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[ab-stroos] /æbˈstrus/
hard to understand; recondite; esoteric:
abstruse theories.
Obsolete. secret; hidden.
Origin of abstruse
1590-1600; < Latin abstrūsus thrust away, concealed (past participle of abstrūdere), equivalent to abs- abs- + trūd- thrust + -tus past participle suffix
Related forms
abstrusely, adverb
abstruseness, noun
Can be confused
abstruse, obtuse.
1. incomprehensible, unfathomable, arcane.
1. clear, uncomplicated, simple; obvious. Unabridged
Based on the Random House Dictionary, © Random House, Inc. 2015.
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Examples from the web for abstruse
  • Unfortunately, it is sometimes difficult for the economic operators to comprehend the abstruse provisions correctly.
  • If your initial topic seems abstruse, consider the motivation that led you to it in the first place.
  • It's often stimulating, but too abstruse for the average reader.
  • Despite its success, readers confessed to difficulty in grasping its more abstruse concepts.
  • Though abstruse, these definitions could shape the long-term future of genetic testing.
  • Many of his sources are obscure and abstruse.
  • That sentence is not mysterious, abstruse, or resistant to comprehension.
  • The first one is an abstruse mixture of conspiracy theories.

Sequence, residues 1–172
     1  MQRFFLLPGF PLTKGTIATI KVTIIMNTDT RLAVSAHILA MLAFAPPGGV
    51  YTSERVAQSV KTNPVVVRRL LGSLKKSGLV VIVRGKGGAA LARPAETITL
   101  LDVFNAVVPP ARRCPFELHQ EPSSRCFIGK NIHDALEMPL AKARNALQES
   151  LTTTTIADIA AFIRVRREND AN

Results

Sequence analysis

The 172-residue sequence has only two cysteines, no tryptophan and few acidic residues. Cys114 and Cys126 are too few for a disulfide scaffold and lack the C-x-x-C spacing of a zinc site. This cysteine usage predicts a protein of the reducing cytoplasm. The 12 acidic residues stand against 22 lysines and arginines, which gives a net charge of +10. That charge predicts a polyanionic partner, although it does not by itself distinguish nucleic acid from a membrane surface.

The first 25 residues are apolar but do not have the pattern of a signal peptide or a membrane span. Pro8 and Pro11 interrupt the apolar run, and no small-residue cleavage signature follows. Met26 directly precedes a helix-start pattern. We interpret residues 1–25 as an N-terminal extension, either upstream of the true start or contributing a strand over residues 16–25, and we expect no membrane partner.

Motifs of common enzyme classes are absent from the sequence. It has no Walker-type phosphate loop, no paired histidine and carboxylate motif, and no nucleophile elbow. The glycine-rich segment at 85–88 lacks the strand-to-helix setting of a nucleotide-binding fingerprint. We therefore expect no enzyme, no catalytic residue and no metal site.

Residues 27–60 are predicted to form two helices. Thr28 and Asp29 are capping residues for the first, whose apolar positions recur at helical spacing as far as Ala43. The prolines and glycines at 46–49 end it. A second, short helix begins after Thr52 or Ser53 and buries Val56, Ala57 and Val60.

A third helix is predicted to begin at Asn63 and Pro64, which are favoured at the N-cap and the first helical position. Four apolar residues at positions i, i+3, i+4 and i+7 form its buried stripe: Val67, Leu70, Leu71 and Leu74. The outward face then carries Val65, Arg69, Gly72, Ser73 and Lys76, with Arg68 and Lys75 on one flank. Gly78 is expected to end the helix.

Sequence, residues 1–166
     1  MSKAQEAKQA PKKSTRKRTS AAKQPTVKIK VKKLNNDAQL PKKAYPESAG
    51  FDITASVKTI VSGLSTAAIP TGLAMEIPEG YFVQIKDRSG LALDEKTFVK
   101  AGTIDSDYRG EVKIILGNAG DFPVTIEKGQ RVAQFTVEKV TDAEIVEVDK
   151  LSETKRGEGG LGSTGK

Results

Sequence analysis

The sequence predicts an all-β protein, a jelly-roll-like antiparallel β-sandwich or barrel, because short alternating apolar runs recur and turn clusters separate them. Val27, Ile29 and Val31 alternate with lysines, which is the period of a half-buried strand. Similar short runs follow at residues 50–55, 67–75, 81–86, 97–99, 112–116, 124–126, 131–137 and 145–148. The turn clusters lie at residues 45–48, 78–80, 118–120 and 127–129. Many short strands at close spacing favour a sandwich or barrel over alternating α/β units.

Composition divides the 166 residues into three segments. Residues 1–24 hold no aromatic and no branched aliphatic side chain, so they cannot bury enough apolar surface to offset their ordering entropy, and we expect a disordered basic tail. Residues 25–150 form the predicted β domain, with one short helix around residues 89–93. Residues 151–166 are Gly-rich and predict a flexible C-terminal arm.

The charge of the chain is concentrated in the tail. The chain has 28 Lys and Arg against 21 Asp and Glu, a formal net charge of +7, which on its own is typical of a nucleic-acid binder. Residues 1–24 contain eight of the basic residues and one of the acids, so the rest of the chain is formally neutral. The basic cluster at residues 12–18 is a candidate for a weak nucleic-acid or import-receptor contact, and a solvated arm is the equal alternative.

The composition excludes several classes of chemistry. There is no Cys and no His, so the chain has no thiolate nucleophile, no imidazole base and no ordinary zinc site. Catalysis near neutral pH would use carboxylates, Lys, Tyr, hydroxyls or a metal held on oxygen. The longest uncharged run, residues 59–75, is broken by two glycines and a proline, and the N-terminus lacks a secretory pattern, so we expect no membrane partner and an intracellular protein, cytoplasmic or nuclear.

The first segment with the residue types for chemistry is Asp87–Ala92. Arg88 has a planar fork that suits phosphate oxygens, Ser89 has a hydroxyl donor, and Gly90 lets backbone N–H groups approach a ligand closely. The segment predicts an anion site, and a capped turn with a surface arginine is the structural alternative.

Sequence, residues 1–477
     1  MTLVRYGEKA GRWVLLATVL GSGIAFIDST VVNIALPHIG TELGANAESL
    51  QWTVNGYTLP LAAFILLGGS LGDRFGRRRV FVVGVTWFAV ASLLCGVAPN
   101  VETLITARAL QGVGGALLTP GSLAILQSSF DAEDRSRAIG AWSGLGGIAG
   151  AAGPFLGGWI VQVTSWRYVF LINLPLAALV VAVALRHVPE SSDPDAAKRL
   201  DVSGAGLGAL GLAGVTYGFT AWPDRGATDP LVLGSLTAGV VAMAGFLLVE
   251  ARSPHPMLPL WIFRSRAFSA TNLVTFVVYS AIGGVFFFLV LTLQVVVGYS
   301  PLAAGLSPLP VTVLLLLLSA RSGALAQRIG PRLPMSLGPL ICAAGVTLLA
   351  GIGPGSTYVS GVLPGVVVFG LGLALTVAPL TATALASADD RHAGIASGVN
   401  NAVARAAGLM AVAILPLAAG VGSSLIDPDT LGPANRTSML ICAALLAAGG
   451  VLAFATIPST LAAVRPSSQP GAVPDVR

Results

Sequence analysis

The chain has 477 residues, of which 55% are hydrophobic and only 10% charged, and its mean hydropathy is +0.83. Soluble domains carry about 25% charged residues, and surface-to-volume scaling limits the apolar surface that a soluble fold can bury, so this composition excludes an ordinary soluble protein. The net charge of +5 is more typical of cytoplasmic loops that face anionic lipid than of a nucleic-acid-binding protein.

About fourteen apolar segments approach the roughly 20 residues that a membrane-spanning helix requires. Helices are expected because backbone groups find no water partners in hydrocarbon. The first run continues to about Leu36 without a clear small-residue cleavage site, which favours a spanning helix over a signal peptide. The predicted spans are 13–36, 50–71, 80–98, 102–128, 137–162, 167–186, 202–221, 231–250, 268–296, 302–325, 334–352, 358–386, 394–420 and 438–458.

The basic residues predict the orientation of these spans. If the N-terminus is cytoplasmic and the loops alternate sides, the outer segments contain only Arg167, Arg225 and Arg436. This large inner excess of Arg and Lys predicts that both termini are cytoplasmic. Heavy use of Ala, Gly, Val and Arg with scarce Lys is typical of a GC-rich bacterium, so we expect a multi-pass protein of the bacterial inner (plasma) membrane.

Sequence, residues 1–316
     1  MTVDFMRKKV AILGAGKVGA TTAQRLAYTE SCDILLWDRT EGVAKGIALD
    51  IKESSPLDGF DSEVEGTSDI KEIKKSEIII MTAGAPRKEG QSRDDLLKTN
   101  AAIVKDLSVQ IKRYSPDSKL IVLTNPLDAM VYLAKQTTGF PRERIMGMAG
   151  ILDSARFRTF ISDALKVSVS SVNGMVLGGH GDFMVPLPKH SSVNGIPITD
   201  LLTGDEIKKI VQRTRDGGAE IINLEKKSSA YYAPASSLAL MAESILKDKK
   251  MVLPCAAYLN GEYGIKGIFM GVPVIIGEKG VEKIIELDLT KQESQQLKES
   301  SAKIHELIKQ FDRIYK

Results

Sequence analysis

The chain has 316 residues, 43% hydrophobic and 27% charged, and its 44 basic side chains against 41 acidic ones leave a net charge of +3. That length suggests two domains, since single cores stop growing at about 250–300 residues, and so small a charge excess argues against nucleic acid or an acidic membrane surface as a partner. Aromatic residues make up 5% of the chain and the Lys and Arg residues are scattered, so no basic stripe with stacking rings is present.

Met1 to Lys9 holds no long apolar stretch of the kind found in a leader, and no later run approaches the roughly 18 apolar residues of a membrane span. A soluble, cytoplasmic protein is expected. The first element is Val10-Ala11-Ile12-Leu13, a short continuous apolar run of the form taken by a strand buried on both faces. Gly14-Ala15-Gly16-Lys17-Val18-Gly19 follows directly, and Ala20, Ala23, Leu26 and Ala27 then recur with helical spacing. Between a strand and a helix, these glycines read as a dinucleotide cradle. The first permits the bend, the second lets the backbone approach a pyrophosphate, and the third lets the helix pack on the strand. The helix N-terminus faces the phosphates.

• Edward was the family eccentric, more involved in abstruse ecological and artistic concerns than business matters.
  • Some university-based research can sound ridiculously abstruse.
British Dictionary definitions for abstruse


not easy to understand; recondite; esoteric
Derived Forms
abstrusely, adverb
abstruseness, noun
Word Origin
C16: from Latin abstrūsus thrust away, concealed, from abs-ab-1 + trūdere to thrust
Collins English Dictionary - Complete & Unabridged 2012 Digital Edition
© William Collins Sons & Co. Ltd. 1979, 1986 © HarperCollins
Publishers 1998, 2000, 2003, 2005, 2006, 2007, 2009, 2012
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Word Origin and History for abstruse

1590s, from Middle French abstrus (16c.) or directly from Latin abstrusus "hidden, concealed, secret," past participle of abstrudere "conceal," literally "to thrust away," from ab- "away" (see ab-) + trudere "to thrust, push" (see extrusion). Related: Abstrusely; abstruseness.

Online Etymology Dictionary, © 2010 Douglas Harper
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